Brunk Auction, Asheville, NC, held an Art Glass sale on April 23, 2021. Many of the items were from the Estate of Jay R. Doros, Springfield, New Jersey; a prominent collector.
I set everything up (at least I thought so) to bid online at the auction, but Murphy’s Law was in effect. I tried to bid on lot 1 but the computer wouldn’t let me. This is the lot I wanted more than anything else in the sale, as it was a fabulous and rare red Tiffany Favrile Tel el Amarna vase with great color and a black decorated collar. By the time I straightened out the mess, the lot was long gone for a very low price. I couldn’t have been more upset. It sold for $5,228, including buyer’s premium, against a very low estimate of $500 – $700. It was accompanied by an original receipt from Sotheby’s; June 8, 1988, lot 465, $8800. I could have sold it in the range of $15,000 – $20,000, so you can understand my chagrin.
Another really good Tiffany Favrile lot was #5, a cameo vase. The red flowers had been molten applied and then the entire vase was hand-carved by a glass artist after cooling. I wanted to buy this one too, but it went for $10,880, including buyer’s premium, against an estimate of $800 – $1,200. The lot was accompanied by an original purchase receipt from Prozzo Auction, Portland, Maine, where it was purchased in August, 2006 for $11,300. Hmm.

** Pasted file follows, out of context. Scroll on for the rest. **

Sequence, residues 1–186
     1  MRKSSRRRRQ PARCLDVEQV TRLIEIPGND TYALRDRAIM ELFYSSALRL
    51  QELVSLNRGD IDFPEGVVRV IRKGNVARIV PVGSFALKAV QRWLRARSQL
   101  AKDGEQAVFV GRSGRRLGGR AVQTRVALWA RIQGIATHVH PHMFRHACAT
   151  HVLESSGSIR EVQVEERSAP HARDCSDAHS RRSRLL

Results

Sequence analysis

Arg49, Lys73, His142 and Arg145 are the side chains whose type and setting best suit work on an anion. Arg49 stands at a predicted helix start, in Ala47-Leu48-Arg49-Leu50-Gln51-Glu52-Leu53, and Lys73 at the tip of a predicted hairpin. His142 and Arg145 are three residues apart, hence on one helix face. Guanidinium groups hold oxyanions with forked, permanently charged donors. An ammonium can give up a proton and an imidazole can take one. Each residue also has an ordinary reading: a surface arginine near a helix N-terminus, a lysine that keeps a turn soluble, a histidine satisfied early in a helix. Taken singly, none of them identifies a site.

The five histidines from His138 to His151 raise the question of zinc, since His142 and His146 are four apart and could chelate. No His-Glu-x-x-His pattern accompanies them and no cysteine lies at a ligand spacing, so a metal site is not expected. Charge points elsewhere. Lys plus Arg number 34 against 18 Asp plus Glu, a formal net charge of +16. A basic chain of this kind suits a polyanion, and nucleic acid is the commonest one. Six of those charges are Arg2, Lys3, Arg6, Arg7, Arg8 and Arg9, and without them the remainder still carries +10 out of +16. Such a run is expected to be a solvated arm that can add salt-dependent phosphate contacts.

The market for non-Tiffany art glass has been weak for the last decade or so, but a rare Durand Lava vase still did well. It sold for $5,843, including buyer’s premium, against an estimate of $300 – $500. That’s pretty good considering it had problem issues of a “tiny internal rim crack, faint hairline at interior of base, some scratches”. Ordinarily problems like that would sink any lesser item. It had originally been purchased at Fanfare Antiques, Lahoska, Pennsylvania, in August, 1973 for $5,500. So it held its value better than most non-Tiffany glass.For the complete results of the sale, click here.